This is a series I read a while back, but I think it's worth mentioning. Abraham is one of the more talented writers in the fantasy field today. Although his stories aren't normally my preferred type of fantasy, I enjoy them because he writes them so skillfully. His characters are living, breathing people. His settings come to life.
In this series, his setting is especially vibrant. It has a sort of Asian feel to it, and the magic system is very interesting. It can be a bit hard to adjust to at first, though. In this world, poets bind creatures called andats, which are actually physical manifestations of an idea. It took me until about book three to fully grasp what was going on with this, and I'll admit the first book was a bit of a struggle.
After that, though, the series kept getting better. It's interesting, too, in that it is not one continuous story over a short period of time. Rather, it consists of separate stories following some of the same characters at different stages in their lives. There is some connection plot-wise, but a lot of what ties these stories together comes from the characters, who really drive these stories.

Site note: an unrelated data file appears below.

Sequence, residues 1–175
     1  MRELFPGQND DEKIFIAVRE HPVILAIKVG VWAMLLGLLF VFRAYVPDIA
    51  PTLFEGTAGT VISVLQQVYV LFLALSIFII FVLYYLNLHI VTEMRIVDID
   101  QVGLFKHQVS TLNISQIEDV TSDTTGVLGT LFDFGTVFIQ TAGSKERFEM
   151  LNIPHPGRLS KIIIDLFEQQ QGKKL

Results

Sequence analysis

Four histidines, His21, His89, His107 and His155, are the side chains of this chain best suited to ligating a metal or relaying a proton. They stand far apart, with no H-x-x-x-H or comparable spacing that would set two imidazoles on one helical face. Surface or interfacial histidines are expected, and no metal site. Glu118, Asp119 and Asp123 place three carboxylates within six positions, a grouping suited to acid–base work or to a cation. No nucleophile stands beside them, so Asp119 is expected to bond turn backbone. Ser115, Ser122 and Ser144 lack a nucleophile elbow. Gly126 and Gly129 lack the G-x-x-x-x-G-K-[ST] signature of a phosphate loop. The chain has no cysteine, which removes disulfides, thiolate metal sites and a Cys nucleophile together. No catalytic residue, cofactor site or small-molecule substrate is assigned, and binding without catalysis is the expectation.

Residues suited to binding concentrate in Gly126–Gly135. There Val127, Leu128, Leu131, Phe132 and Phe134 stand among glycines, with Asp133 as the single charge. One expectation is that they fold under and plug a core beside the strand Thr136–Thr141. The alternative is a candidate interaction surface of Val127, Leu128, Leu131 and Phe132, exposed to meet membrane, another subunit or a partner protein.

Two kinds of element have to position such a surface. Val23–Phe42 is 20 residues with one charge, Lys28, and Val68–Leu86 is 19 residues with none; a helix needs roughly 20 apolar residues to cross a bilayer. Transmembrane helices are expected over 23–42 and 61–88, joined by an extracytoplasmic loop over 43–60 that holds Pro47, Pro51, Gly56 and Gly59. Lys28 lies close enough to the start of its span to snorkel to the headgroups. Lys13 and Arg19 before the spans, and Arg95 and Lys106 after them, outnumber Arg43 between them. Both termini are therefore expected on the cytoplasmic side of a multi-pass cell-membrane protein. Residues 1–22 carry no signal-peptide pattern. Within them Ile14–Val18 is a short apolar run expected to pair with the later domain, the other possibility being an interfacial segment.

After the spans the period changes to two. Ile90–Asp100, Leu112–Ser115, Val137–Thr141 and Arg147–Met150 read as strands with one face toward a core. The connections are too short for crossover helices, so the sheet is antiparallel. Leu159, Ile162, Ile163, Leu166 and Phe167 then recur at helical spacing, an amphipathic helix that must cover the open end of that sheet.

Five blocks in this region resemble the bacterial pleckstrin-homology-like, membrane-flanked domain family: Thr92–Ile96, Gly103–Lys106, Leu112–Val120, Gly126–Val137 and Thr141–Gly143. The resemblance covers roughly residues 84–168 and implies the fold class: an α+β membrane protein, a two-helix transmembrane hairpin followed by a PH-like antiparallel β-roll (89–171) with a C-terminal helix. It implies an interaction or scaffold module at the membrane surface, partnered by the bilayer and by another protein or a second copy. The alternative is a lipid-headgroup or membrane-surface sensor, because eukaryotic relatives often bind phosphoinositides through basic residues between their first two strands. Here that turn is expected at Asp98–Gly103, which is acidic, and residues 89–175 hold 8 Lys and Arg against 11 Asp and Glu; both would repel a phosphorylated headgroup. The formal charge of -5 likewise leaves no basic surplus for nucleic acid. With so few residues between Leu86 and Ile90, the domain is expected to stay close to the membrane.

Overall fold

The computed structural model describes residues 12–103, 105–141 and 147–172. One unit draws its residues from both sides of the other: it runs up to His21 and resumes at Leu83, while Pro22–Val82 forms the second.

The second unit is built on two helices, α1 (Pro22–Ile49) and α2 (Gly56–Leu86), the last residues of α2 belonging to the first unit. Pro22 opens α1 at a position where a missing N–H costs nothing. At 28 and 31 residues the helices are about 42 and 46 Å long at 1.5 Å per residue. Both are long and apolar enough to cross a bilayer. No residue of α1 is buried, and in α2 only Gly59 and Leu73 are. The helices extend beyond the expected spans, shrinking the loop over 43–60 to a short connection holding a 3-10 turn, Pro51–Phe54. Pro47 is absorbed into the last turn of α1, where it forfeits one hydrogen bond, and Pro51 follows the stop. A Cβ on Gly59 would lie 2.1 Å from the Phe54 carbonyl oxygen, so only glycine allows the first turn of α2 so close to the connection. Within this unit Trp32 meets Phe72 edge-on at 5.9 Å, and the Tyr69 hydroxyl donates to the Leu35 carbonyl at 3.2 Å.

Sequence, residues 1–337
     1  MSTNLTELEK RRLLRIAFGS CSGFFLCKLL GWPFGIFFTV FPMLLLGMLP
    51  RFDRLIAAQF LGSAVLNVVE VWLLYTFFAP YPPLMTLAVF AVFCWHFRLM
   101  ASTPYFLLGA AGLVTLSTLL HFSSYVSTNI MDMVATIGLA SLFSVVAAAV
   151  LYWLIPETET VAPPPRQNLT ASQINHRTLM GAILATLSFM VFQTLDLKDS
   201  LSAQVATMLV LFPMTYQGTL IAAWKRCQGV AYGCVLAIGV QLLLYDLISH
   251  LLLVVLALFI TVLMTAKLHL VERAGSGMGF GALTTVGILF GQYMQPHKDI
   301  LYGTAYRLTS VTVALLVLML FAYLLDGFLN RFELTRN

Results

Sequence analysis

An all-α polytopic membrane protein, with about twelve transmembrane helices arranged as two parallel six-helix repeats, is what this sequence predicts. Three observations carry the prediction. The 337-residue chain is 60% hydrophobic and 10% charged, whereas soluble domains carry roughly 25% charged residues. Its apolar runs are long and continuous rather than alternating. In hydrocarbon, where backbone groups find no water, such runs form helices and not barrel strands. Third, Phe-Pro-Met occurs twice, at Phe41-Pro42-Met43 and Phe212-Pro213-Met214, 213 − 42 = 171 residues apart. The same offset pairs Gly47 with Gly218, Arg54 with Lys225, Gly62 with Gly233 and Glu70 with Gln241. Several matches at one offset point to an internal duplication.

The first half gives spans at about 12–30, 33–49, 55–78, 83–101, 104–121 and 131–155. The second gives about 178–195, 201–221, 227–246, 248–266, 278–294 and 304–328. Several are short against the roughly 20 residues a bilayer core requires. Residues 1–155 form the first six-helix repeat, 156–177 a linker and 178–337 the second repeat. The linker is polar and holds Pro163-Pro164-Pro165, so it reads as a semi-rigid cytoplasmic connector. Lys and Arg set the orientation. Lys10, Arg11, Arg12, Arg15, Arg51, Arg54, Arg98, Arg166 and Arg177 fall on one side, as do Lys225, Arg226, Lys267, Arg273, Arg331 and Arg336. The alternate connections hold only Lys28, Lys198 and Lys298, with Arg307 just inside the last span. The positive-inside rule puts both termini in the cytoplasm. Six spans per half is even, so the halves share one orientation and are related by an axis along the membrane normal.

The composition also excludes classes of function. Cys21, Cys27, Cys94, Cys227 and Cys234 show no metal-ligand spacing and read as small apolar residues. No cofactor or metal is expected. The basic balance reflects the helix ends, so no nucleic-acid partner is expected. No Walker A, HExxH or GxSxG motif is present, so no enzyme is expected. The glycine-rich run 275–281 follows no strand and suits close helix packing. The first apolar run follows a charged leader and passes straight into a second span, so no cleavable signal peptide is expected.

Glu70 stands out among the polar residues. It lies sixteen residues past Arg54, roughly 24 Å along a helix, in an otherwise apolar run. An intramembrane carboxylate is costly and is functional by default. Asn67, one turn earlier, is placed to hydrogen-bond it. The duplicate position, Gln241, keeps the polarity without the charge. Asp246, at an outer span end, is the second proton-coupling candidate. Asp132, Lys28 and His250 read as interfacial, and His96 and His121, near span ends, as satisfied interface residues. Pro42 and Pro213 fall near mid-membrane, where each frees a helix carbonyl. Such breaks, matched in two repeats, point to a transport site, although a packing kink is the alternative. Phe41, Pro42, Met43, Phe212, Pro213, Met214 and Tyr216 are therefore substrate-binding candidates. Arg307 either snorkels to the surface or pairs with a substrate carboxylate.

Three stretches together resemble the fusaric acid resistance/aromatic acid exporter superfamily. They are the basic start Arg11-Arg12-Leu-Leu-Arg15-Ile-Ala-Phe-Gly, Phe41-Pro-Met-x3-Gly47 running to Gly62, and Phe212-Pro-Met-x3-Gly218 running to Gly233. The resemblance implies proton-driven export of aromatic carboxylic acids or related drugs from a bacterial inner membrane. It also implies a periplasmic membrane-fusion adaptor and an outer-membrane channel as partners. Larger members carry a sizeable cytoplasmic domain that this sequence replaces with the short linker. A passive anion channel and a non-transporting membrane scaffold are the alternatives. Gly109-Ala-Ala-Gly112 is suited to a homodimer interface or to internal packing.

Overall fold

A note on Abraham's characters. Many authors have their characters start at some point on the good/evil spectrum. Abraham, however, tends to have everyone start out pretty neutral. Then they develop over the course of the story. That's part of what's interesting here: watching the characters grown and change.
Another plus: these stories can be epic in scope, but they're not terribly long like a lot of epic fantasy. If you're a fan of political and economic fantasy, you'll probably enjoy these even more than I did.
However, as I mentioned, the first book was a bit of a struggle, mainly because the setting and magic system are a big adjustment. Also, there are some slow spots in the plot. Overall, this series is a good read and definitely worth looking into. Abraham's other series, The Dagger and the Coin, is pretty good too (though it's more of a traditional fantasy).